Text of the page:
3.7 Text Scroll
In this lesson, you will use HTML data attributes to create extra text that will animate over your original text on button hover.
1.Introduction3 lessons, 07:12
2.Animation Refreshers2 lessons, 15:09
3.Button Animations12 lessons, 1:53:20
4.Image Animations3 lessons, 25:57
5.Other Web Elements6 lessons, 1:07:16
6.Bonus Projects3 lessons, 26:43
7.Bonus Projects II3 lessons, 33:50
8.Conclusion1 lesson, 00:39
3.7 Text Scroll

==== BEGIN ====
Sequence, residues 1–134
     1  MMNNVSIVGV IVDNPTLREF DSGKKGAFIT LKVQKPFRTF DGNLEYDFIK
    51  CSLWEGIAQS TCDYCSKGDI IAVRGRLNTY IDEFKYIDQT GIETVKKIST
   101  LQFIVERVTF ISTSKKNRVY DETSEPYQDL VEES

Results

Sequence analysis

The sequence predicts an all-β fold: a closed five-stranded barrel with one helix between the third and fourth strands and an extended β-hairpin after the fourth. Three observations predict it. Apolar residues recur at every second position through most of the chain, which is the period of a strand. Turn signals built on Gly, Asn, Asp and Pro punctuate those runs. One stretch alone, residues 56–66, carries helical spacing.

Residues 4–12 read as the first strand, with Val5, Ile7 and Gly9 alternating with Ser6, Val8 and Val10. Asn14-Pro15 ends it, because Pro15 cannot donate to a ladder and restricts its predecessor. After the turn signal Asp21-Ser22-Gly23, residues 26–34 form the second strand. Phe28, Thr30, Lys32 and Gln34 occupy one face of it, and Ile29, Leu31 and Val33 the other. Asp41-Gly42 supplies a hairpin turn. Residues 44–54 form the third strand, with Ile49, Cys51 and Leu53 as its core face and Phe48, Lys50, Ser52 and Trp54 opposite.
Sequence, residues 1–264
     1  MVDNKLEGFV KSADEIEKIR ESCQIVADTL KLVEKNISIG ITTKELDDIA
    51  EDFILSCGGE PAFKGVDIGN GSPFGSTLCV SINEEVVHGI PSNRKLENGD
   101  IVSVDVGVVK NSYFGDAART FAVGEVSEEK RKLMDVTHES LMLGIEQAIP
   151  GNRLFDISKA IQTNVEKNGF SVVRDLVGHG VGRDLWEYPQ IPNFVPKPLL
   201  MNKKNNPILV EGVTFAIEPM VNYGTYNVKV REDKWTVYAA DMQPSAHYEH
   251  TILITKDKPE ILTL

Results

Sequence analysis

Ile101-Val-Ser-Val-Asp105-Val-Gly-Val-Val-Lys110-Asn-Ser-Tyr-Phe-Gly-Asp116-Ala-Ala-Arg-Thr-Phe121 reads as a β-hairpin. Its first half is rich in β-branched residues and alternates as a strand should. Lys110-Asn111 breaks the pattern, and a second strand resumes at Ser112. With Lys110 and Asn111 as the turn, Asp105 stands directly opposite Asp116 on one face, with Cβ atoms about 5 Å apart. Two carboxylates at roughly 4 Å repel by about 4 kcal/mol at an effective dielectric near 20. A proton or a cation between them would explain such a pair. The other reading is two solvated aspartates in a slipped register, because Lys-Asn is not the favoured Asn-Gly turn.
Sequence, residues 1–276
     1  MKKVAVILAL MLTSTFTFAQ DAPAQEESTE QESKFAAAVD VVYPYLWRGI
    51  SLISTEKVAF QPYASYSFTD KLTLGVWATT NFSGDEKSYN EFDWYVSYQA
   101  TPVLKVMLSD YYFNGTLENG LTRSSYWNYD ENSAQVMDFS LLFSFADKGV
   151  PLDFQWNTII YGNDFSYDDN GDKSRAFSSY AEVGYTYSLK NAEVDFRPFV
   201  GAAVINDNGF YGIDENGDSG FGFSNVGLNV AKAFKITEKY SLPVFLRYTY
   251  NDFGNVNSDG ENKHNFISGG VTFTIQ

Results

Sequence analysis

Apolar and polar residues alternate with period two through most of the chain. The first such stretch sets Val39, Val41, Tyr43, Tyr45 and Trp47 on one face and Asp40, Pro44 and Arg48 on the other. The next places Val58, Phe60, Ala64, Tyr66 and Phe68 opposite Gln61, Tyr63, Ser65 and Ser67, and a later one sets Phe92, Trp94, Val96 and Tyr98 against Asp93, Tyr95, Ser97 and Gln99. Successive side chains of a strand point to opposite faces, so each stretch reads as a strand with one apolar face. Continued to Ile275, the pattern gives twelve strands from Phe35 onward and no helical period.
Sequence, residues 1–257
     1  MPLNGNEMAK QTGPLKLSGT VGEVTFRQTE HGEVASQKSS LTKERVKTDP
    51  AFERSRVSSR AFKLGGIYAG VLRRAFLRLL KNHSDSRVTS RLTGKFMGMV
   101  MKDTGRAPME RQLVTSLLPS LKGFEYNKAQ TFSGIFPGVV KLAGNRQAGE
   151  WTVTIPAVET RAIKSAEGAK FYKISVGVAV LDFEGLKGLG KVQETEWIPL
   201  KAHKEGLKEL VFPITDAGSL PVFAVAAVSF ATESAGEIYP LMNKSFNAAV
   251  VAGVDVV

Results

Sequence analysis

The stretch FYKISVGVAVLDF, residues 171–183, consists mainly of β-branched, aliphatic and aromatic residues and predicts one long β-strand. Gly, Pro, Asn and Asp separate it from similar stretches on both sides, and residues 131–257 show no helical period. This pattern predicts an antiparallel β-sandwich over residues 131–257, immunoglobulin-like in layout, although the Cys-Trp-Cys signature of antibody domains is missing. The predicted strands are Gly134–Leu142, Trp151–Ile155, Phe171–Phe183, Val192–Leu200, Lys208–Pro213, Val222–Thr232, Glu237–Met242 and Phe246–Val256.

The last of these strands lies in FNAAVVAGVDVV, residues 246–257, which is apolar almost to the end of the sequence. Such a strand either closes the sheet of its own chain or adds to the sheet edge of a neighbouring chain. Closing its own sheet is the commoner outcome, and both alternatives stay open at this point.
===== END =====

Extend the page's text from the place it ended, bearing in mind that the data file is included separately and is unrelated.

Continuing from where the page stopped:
Hello, and welcome back to Practical Web Animation. In this lesson we're going to continue with the use of the before and after pseudo classes, but this time we're gonna do something a little bit different with it. What I wanna do is I wanna create a hover animation so that when I mouse over one of our navigation items, the text inside that button will scroll up and disappear above the button itself. But as it does that, another chunk of text that's gonna have the same content but the text will be bold, it will animate up from beneath and replace that text. So it's gonna be a nice little scrolling effect that will move back into place whenever we mouse out, or move our mouse cursor away from the button. Now there are a couple of ways we could do this. We could create a separate span or some kind of other content inside our list items that just repeats the same text, and then we could just move one off as we move the other one on. Or we could use the before after pseudo classes to store that content, and then we'll just animate it on that way. So we're actually gonna be using the after pseudo class for this. Now we don't see anything new here on the screen we've seen a nav list setup just like it's been done before. Pretty much the same styles applied to it. A little bit different here and there with color and size and things like that, but for the most part it's nothing new. So you can grab this starting pen from the course notes and once you open it up let's go ahead and click on the Fork button to create a new copy of it. And once we have the new copy open, I want to discuss the use of data attributes. So I'm gonna come down here to the very bottom. I'm gonna skip a couple of lines and I'm going to point to our anchor tags. So we're going to do main-nav li a. And I want to point to the after pseudo class here. And I want to give it content: "HOME". So when we do that, as you can see, it adds the word HOME to the end of all of our links. Now it would be nice if we could make this a little bit more dynamic so it could look at the content and see what text it needs to insert here. Well, one way to accomplish this is inside our anchor tags here, we can add a data attribute, which is just an attribute that starts with data- hyphen. And let's call this title, for lack of a better word. So we're going to set this attribute equal to the same text that we have for the button itself. So we're going to set this one equal to "Home". For our next one we're going to create the same thing, data-title, and set this one equal to "About Us". And this might be easier just to copy and paste it all, so let's just copy that data-title attribute, and then we'll paste it for each link and then just change the text. So this one is "Products" and then we have "Blog" and "Contact Us". All right, so now we have these data attributes, and we can actually access those data attributes in our CSS. So for our content here, instead of pointing to "HOME", let's get rid of that and what I'm going to do is, I'm going to type attr for attribute and then inside the parentheses here, we're going to type in the name of the attribute, which in this case is data-title. So now, as you can see, each of our buttons is basically just repeating its own text so we have Home twice, About Us twice, etc. And then we can style all of these separately. So we could give this a display property of block. That way it will show up on its own line, and we see that it moves down below our original text. And then we can style the rest of it however we want. We can give it font-weight: bold. And then one thing I wanna do is I wanna make sure we set the width and height to be the same as the width and height of our original text. So we're gonna set our width: 160px and our height: 40px. So that's the same height as the container of the text itself, or the same height as the, width and height I should say, as the list items themselves. So now we have the bare bones for what we need to do to create the animation that we're talking about here. And what I want to happen is when we hover over one of these buttons, we want that the original text to move up and the replacement text to move up from beneath it. So you could put something completely different here. You don't have to use the same text, but that's what we're going to be doing for this particular lesson. We're just gonna have a bold version of our text that animates up. So since this after pseudo class is contained inside the anchor tag itself, remember, it's considered part of that anchor tag, it's just gonna show up after the content inside the anchor tag. If we move up the anchor tag itself, the after pseudo class, the content inside that will move up with it as well. So in our hover for this anchor tag, let's go ahead and create that down here at the bottom. Let's point to .main-nav li a:hover. And we don't need to point to the after pseudo class, just the anchor tag itself. We're gonna change the top position, and we're gonna move it up. Now remember, the height of our list item is 40 pixels, so we're gonna move it up 40 pixels. So we're gonna set our top property to -40px. Now if we hover over it, you can see that nothing happens. And the reason for that is, as we've talked about in a previous lesson, when we use a positioning attribute like this or property, such as top bottom left or right, it's not really going to work unless we have our position set to either relative or absolute. In this case we want it relative. So let's come back up to our anchor tag, and we're gonna set our position here to relative. So now that top property should work. Let's hover over our buttons, and sure enough, we get what we're going for here. Now obviously we don't want the text to just suddenly turn bold. If we wanted that, we could just create a hover effect where we set the font weight to bold. Instead we want our initial text to animate up while the new text animates up from beneath. So all we need to do for that is to create a transition property on our anchor tag. So in our original anchor tag rule, we'll set our transition property, and let's do one second. Let's first of all do all 1s for one second. We will hover over, and we see that's still not animating because we haven't created a top property in the original rule. So just before we set our transition property, let's create a top property and set it to 0. So now when we hover over it, there we go. We see one piece of text animating off while the other one animates on below it. And that is a little bit slow so let's change that to half a second. And there we go, that's a lot quicker. So now what I want to do is I want to set the overflow for the list item to hidden so that any text that's outside of the list item won't be visible. So that should be easy enough. We'll just scroll up till we get to our list item here. We'll add a overflow property and we'll set it equal to hidden. So immediately we see the text at the bottom disappear, and now when we hover over each of our buttons, we can see the animation occurring as we expected. Now if we wanted to, we could also jump into our anchor tag for the hover event. We can also change the background color, so if maybe we want to darken up the background color as it's animating up. So let's set our background color to 197224, and that should give us a darker green, so we'll hover over it. And you'll see that that's not exactly what we're going for. Right now it's just setting the background color for the original item, the anchor tag here, but it's not affecting our pseudo class. And the reason for that is, remember, the anchor tag itself has a height of 40 pixels. So if we change the height of our anchor tag, let's come up here to the original rule and change our height to 80px instead of 40. Then it should give us the effect we're going for. Yeah, there we go. Now our background color is fading as we expect it to. And the reason that works, the reason we can set this to 80 instead of 40, is because the list item itself has its height set to 40. So anything outside of that 40 pixels of height is going to be hidden because of this overflow property here. So now we can hover over each button, and we can see the new text scrolling up as the old text scrolls away. So thank you for watching, and we'll see you in the next lesson.